ELECTRONIC POSTING ETIQUETTE
Mail postings for the list to <listname>@maelstrom.stjohns.edu
Consider the following points when posting electronic mail.
They are particularly important when communicating with
strangers through mailing lists.
1. Give your message a meaningful and accurate subject.
2. Take care over the composition - you may have a large
audience. Think about the content, and don't worry about
your spelling and punctuation, or that of others on the
list. Brief messages are more likely to be read, and you may
choose to not be brief to say what's on your mind.
3. Be careful with humor and sarcasm; they are not
communicated well by computer. Symbols may be used
to indicate intent:
:-) smile; <g> grin; <l> laugh; <h> hugs;
IMHO in my humble opinion; ...
4. Remember that posts directed to one person may well be
forwarded to someone else or filed for later reading.
5. When deciding whether to post something to the list,
treat private communications that were received off list as
you would personal letters.
The basic principle is simple. Reposting a private E-mail
message onto a mailing list is the same thing as taking a
personal letter written to you and tacking it up on a public
bulletin board. Because of this a standard
has evolved on the Internet about not reposting or citing
from private mail without the author's permission.
6. There is a competitive communication style seen on some
Internet lists and groups that reflects "gratuitous
one-upmanship, insult and posturing." An atmosphere of
trust is hard to create and easy to lose. This list's
practice is to communicate with respect and acceptance.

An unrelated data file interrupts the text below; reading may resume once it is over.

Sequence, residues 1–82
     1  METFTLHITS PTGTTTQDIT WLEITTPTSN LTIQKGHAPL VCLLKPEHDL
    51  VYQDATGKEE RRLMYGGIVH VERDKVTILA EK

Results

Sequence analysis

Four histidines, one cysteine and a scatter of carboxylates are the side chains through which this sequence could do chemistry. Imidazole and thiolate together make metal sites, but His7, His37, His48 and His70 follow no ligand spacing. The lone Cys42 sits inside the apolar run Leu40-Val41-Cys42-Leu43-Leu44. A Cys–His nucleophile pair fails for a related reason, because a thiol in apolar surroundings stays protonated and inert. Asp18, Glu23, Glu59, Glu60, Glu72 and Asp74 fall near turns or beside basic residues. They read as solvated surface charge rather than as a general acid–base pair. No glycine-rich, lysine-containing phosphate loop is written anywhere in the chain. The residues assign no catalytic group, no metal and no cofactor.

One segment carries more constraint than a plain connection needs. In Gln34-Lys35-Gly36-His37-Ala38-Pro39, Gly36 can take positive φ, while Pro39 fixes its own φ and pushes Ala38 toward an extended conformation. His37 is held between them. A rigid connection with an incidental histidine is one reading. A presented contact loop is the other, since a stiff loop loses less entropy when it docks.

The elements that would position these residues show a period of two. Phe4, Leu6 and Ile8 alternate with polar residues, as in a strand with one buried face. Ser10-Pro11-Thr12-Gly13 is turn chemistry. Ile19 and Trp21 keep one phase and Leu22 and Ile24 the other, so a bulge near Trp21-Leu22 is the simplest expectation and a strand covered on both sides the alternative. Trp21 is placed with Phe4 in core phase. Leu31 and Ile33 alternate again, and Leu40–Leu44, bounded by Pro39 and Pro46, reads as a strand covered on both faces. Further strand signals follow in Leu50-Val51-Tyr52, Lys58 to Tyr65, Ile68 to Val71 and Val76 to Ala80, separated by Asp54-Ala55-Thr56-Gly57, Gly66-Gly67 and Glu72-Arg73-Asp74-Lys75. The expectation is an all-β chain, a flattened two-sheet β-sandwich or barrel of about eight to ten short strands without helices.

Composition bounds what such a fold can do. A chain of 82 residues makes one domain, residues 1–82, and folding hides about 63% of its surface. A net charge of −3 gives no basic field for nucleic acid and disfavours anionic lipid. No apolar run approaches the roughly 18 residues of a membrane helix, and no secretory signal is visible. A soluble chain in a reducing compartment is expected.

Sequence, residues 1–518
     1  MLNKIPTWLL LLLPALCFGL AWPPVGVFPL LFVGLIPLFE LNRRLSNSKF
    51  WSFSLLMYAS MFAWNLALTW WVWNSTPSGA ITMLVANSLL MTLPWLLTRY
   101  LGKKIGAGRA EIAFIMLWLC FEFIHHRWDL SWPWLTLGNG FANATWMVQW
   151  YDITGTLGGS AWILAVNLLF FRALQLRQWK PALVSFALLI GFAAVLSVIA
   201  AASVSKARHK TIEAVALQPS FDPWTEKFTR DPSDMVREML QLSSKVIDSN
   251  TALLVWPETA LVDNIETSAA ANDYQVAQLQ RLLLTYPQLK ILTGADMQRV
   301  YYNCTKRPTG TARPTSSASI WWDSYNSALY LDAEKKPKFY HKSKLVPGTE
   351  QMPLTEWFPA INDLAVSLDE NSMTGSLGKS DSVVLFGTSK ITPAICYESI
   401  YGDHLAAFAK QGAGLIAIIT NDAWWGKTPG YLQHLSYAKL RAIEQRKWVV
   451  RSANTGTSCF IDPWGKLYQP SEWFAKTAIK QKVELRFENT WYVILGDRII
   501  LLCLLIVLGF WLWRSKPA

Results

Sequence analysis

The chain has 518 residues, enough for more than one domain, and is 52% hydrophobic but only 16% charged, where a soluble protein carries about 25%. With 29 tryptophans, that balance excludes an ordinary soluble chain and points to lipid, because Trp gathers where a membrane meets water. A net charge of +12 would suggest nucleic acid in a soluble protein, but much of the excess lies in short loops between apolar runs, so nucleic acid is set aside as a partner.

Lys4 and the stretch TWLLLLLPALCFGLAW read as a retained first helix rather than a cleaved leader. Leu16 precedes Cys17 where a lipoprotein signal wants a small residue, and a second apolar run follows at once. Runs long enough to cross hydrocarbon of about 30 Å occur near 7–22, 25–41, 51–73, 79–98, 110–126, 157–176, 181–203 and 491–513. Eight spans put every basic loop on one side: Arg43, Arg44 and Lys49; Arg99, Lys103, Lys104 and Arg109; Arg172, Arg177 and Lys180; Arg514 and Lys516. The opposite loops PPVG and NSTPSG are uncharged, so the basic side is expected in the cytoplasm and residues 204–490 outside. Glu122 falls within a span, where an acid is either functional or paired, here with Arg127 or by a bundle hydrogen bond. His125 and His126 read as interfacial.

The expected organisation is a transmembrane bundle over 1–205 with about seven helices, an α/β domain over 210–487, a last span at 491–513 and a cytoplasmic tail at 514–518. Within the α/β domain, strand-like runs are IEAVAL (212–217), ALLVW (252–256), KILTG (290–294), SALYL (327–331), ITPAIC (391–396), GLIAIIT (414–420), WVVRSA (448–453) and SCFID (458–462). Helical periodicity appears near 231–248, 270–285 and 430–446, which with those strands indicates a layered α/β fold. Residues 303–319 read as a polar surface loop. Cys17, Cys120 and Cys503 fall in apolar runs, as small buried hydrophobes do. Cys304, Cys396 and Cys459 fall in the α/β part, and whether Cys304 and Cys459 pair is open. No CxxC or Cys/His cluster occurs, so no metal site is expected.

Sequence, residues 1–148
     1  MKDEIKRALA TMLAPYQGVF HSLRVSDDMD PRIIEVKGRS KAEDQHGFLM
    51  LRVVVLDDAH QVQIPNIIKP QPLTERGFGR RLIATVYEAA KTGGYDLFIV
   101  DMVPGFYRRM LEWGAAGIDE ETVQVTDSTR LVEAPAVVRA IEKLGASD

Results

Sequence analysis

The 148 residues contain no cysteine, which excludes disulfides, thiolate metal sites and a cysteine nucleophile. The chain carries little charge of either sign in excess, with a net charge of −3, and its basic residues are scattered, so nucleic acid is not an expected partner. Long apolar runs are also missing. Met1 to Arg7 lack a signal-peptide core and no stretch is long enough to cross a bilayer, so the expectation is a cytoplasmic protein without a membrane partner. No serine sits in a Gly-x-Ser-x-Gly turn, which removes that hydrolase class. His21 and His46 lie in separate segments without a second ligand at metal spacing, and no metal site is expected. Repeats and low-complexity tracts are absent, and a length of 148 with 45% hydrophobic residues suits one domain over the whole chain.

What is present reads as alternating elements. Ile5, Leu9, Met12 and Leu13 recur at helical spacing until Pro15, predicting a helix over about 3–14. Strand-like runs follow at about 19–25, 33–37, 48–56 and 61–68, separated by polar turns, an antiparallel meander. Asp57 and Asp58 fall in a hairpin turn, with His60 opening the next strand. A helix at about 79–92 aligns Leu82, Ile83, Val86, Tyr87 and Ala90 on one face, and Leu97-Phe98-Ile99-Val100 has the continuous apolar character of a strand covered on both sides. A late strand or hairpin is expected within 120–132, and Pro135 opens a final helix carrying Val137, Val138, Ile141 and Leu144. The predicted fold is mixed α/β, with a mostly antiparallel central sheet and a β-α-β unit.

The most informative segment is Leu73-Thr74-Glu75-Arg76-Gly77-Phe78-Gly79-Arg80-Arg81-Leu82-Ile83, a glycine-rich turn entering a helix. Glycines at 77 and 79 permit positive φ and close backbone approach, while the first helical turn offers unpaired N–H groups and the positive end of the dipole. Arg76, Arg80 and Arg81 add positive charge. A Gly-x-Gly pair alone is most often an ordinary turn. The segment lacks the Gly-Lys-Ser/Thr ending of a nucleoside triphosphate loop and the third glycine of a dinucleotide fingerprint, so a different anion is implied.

7. Electronic lists work best when a large number of
people contribute to the discussion. This free exchange
of information and opinion is what helps to make the
internet a dynamic global community.
1. If changing subjects, edit the subject header.
2. Include the points to which you are responding in the
text of your reply by quotng a few words or lines
with your mail reader or summarizing. Your comments
are then in context, and the receiver doesn't have to
try to remember what the original said.
3. Try to keep things in perspective. Do not say anything to
others in a post that you would not say to them personally
in a room full of people. Think about not replying
immediately to something that annoys, upsets, or outrages
you. Consider that other's may have imperfect communication
skills. Be aware and tolerant of other people's needs,
ideas, triggers and expressions of feelings. (What's a
trigger? Well it can be almost anything: sights, sounds,
smells, certain types of language, repetitive phrases,
overly graphic descriptions, etc.) Sometimes when your own
ego gets smashed it's hard to remember that the other guy's
ego is just as fragile.
4. A suggestion about who has the last word: the initiator
of a post has the first word, the responder the last word,
for however many rounds the exchange goes.
About free speech:
1. US Constitution First Amendment applies.
2. You are also free to delete without reading posts from a
particular person or about a particular subject that doesn't
3. You are free to not respond.
(Adapted from mailbase message for MADNESS. Adopted
without objection 5/26/1994.) Item 5 amended 5/11/96.
Blank lines added and item 2 under replying amended 2/28/97.